Even if the world progresses generally, youth will always begin at the beginning, and the epochs of the world's cultivation will be repeated in the individual. ~ Johann Wolfgang von Goethe
Inward improvements have a worth and dignity in themselves quite distinct from the power they give over outward things. ~ William Ellery Channing
Education is one of the blessings of life — and one of its necessities. ~ Malala Yousafzai
The prevailing conception is that education must be such as will enable one to acquire enough wealth to live on the plane of the bourgeoisie. That kind of education does not develop the aristocratic virtues. It neither encourages reflection nor inspires reverence for the good. ~ Richard Weaver
A meaningless master’s degree has kept many from becoming true masters. Believing others rather than themselves, and believing to be what they were cried up to be but really were not, they never became what they could have become. ~ Petrarch
Education makes a greater difference between man and man, than nature has made between man and brute. The virtues and powers to which men may be trained, by early education and constant discipline, are truly sublime and astonishing. ~ John Adams
The public, therefore, among a democratic people, has a singular power, which aristocratic nations cannot conceive; for it does not persuade others to its beliefs, but it imposes them and makes them permeate the thinking of everyone by a sort of enormous pressure of the mind of all upon the individual intelligence. In the United States the majority undertakes to supply a multitude of ready-made opinions for the use of individuals, who are thus relieved from the necessity of forming opinions of their own. Everybody there adopts great numbers of theories, on philosophy, morals, and politics, without inquiry, upon public trust; and if we examine it very closely, it will be perceived that religion itself holds sway there much less as a doctrine of revelation than as a commonly received opinion. ~ Alexis de Tocqueville

Exploring The Impact Of Education On Civilization

Does education really have any noticeable impact on the evolution of society? We have had some amazing thinkers in our times, but it can be disheartening when looking around at society and considering that civilization as a whole may only be as good as the least educated individual. But this surely can't be, there must be evidence of education making some kind of difference. To further examine this, the words of Robert Frost are considered, "Education is the ability to listen to almost anything without losing your temper or your self-confidence." So, the uneducated would do just that as a reaction to, say, texts that people read during the process of education, and those that have already been educated would, hopefully, express an understanding that would otherwise be inexplicable.

Freud is one of, if not the most misunderstood man of the education of science. There are thousands of people who are only vaguely aware of the ideas of Freud through a most basic understanding of the Oedipus complex. (Freud 3) These people are severely lacking in a full understanding, and are missing out on some of his most enlightening revelations. Freud did have a large number of sexual ideas that he held dear, but the quantity of them should not throw a shadow over the quality of his others. Once you get past his theories of the Oedipus complex, penis envy, castration anxiety, and the like, he had much to offer. He discussed the super-ego, in which many of our desires, urges, and instincts lie in a part of our mind that is usually inaccessible to our realm of conscious thought. (Freud 1) He tried finding ways for these thoughts to be realized, through psychoanalysis or dream interpretation. (Freud 2) He elaborated on the frustration felt by those who suppress their natural instincts for the cause of living peacefully among society, and the transformation of a suppressed instinct that can take place into something that exhibits quite opposite traits, such as anal retentiveness or obsessive compulsive disorder. It is, to the educated, without a doubt, that he pioneered the science of psycho-pathology, paving the way for another century of advances in psychological understanding so far. Those who are well versed in the basis of Freudian thinking are capable of knowing which of Freud’s contributions are legitimately upheld today, and which could have perhaps simply been the result of an obsessive mind.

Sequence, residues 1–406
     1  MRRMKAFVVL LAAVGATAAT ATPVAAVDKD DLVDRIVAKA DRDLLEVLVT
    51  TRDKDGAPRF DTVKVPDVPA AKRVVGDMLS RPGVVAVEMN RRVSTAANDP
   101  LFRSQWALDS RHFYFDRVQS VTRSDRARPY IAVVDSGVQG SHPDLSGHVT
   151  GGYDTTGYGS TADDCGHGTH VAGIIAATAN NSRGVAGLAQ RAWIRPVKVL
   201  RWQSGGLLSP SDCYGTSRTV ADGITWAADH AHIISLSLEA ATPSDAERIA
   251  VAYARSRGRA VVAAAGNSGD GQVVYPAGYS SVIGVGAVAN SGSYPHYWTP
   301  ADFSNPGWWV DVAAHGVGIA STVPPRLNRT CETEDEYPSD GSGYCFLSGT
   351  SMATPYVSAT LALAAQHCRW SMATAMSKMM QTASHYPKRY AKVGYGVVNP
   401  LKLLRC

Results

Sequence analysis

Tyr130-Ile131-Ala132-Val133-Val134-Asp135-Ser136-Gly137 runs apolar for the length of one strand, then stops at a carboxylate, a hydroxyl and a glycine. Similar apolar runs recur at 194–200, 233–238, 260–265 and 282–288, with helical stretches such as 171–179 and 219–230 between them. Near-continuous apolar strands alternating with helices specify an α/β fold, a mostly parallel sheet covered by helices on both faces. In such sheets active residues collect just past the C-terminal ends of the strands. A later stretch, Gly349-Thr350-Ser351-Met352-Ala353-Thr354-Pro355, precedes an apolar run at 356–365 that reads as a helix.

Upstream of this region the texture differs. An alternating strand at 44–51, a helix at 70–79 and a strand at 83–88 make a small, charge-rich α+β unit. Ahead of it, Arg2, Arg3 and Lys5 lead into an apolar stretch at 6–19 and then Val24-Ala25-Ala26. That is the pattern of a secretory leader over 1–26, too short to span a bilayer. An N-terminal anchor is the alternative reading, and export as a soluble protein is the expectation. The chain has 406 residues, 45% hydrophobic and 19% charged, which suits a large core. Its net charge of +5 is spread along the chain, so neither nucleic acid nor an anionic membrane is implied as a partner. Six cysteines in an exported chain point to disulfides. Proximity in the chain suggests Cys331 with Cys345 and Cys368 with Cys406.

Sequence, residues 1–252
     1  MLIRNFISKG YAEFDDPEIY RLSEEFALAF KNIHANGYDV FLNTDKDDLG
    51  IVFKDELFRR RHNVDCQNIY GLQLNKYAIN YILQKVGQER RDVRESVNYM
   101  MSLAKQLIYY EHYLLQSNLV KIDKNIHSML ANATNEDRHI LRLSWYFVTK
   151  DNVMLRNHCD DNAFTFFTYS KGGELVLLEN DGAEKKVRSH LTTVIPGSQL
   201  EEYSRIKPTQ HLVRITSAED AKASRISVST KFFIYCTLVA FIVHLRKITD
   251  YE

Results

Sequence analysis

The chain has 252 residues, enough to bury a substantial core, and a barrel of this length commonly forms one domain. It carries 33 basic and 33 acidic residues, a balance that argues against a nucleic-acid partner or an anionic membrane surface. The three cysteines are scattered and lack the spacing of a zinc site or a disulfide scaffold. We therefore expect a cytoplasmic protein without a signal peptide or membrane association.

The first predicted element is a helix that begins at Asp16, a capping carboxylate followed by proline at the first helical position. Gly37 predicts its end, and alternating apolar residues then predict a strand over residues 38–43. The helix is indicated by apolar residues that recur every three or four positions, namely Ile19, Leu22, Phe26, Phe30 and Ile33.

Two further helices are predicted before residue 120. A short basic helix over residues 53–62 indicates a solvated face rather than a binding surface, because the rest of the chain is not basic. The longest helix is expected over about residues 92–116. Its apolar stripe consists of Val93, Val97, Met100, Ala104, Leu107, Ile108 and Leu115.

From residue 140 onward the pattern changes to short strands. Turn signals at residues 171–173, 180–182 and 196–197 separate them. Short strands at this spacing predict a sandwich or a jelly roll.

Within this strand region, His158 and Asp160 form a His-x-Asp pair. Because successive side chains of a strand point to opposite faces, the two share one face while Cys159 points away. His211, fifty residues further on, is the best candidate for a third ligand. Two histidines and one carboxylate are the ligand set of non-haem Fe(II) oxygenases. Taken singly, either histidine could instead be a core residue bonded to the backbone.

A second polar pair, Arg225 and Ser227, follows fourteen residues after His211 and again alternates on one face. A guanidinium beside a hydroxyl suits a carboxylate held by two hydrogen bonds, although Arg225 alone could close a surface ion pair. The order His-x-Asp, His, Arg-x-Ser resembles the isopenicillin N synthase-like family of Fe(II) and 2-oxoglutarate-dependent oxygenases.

It is astonishing how intent many people are at denouncing new knowledge that might change their perception of the world around them. Of all the evidence that exists - fossils, rock layers, cave paintings, preserved remains - it is surprising that some still refuse to even consider the option that their belief that the world is only four-thousand years old may be a fallacy. (I mainly bring this up because my father is one such person.) Charles Darwin had quite a crowd to appeal to. It is surprising that his discoveries were ever adopted by some of the uneducated,...